While still a student at the conservatoire, when faced with his composition teacher Ernest Guiraud’s question about who could be his librettist Debussy replied “Someone who doesn’t say every single thing. I would like to add my dream to his – that would be the ideal. Neither a specific country nor time. (…) Today in opera there is too much singing. The musical clothing is far too heavy. You should only sing when there is a need to. Semitones. Grisaille. No working it for the sake of working it. A lengthy development should not be combined with the lexis. I dream of short verse and mobile scenes. I don’t care about the three unities! I need scenes that are varied in terms of place and style, where the characters don’t orate about their own existences, fates and so on.” These answers so prophetically describe Pelléas that when the text of this cited conversation was published many years later it gave the lie to the doubt: had it all been made up?
Pelléas is a drama where little is spoken and much is left unsaid, but this silence is more eloquent than words, it as if asks to be filled with the music of premonitions, doubts, suspicions and insights. Debussy was not even called on to create the libretto. He set Maeterlinck’s play, with the exception of three scenes, to music word for word. The composer began to create the music from the culmination – with the declarations of the protagonists before they are parted. With the scene, in which after an outpouring of emotions and Pelléas’ declaration “I love you”, Mélisande, in utter silence, almost imperceptibly replies on one note “I love you too.”
While looking for appropriate musical language, the composer complained to his friends that “All of this is too much like the duet by M. So–and–So, or nobody in particular, and worst of all the ghost of old Klingsor.” It was not by chance that he named a Wagnerian character. Debussy thought Wagnerian drama to be poisonous and, finding nothing comparable in contemporary French or Italian opera, his attention was focussed only on Bayreuth. Pelléas is his response to Wagner in the framework of a similar subject. Where Wagner forces his characters to declare themselves over half an hour and repeat the same thing many times, with Debussy there are mere modest statements, things left unsaid and semi-hints. Instead of the dense sound of Wagner’s orchestra Debussy gave his preference to a rarefied and pointillist palette with frequent divisi of the strings, gossamer-like solos and blends. To isolate the timbres he even considered whether or not he should position the orchestral sections so that the cellos were next to the bassoons or “split up the brass section” so that it sounded like an ensemble of soloists. He preferred static sequences to intense harmonic development, as if stopping musical time: it was not by chance that Maeterlinck’s plays were called “dramas of waiting”. Debussy avoided loudness and pathos – his music rarely extends beyond the confines of piano. The heroes’ leitmotifs appear only in the orchestra, and not in the vocal roles. Debussy the critic jokingly wrote that Wagner’s heroes, having sung their leitmotifs, were like someone who, leaving a calling card, excitedly recites its content.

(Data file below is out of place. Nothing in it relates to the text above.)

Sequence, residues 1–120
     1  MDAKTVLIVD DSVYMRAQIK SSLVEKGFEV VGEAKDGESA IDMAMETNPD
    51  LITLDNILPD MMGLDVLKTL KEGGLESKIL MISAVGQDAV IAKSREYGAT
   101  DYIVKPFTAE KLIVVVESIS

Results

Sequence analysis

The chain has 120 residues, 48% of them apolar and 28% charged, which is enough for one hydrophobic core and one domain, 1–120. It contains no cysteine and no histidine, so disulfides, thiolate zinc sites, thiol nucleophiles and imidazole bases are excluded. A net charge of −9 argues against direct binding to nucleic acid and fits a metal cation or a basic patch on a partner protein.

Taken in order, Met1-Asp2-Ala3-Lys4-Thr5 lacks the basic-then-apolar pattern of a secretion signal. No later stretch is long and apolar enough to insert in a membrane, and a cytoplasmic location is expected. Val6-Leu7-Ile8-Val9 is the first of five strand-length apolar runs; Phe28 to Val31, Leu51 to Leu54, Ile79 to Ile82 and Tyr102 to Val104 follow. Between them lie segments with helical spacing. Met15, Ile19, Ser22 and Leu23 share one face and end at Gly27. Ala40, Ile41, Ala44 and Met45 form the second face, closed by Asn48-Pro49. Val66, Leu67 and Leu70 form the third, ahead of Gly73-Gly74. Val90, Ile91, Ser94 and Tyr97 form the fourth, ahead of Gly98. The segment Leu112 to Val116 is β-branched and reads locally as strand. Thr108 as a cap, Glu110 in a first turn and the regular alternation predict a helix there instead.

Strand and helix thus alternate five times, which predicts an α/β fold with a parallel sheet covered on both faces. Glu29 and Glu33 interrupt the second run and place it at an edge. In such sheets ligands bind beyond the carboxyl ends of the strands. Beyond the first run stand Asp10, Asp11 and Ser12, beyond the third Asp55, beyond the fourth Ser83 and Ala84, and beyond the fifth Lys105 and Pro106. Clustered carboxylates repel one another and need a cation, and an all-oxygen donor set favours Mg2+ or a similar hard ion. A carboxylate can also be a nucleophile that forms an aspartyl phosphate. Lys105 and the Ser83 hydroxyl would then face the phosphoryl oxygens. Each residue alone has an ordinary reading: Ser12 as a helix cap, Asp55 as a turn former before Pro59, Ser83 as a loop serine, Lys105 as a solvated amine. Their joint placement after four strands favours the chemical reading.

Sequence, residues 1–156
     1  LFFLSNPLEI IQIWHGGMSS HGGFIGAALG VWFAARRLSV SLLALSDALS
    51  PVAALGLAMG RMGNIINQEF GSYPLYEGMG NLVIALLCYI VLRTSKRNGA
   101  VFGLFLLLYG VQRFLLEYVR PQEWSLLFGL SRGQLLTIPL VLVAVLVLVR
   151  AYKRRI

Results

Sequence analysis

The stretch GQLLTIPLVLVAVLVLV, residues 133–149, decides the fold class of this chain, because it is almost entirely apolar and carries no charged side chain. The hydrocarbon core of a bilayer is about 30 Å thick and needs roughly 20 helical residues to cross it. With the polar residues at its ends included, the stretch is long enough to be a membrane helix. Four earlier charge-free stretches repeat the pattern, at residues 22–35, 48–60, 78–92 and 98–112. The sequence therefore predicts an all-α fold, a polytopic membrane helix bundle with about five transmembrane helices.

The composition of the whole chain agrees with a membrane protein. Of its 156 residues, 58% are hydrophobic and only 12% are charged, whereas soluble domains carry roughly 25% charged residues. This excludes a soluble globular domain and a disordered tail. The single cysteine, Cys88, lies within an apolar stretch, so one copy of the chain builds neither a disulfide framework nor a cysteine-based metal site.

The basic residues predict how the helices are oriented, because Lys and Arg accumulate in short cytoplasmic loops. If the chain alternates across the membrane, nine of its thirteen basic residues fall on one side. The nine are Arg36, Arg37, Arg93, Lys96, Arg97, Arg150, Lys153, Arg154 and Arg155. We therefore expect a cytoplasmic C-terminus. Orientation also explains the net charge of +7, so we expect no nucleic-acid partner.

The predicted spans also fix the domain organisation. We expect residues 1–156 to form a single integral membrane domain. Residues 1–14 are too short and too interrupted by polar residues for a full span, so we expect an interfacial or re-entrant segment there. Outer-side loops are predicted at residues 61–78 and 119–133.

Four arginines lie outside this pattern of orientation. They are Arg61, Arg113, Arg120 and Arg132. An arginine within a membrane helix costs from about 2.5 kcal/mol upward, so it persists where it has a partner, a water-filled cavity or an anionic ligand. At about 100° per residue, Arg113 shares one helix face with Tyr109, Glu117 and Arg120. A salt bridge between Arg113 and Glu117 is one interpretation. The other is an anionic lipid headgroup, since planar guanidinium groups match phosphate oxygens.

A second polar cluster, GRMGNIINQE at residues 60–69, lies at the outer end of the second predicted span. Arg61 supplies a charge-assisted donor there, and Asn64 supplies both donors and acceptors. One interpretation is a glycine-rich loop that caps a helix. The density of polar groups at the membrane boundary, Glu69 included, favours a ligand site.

At the opera’s premiere the lack of songs and dances in the score as well as of choruses and ensembles, those very semitones, the chemistry of micro-phrases and the extremely subtle sound patterns that had troubled Debussy left the audience perplexed. And when Mélisande replied to Golaud’s question in Act II as to why she is crying she responded “I am miserable here” the auditorium gloomily joked “So are we.” In Pelléas the dramatic energy mounts gradually. The first half of the opera takes place in an emotional range that is between “quiet” and “very quiet”. It is only towards Acts III and IV that tenderness, fear, despair and cruelty come to the fore – such as the jealousy scene in which Golaud makes his young son look out of the window at his wife and the prince’s brother. The censor insisted this scene be dropped in order not to shock the family audiences of the Opéra Comique, though in the end only fourteen bars were cut. Both Richard Strauss and Rimsky-Korsakov found Pelléas monotonic. But for the French, Debussy’s opera became an object of national pride and, looking back, we can see that people’s estimation of it has only increased. Pierre Boulez and Olivier Messiaen trace the starting point of 20th century music to 30 April 1902 and the premiere of Pelléas et Mélisande. Anna Petrova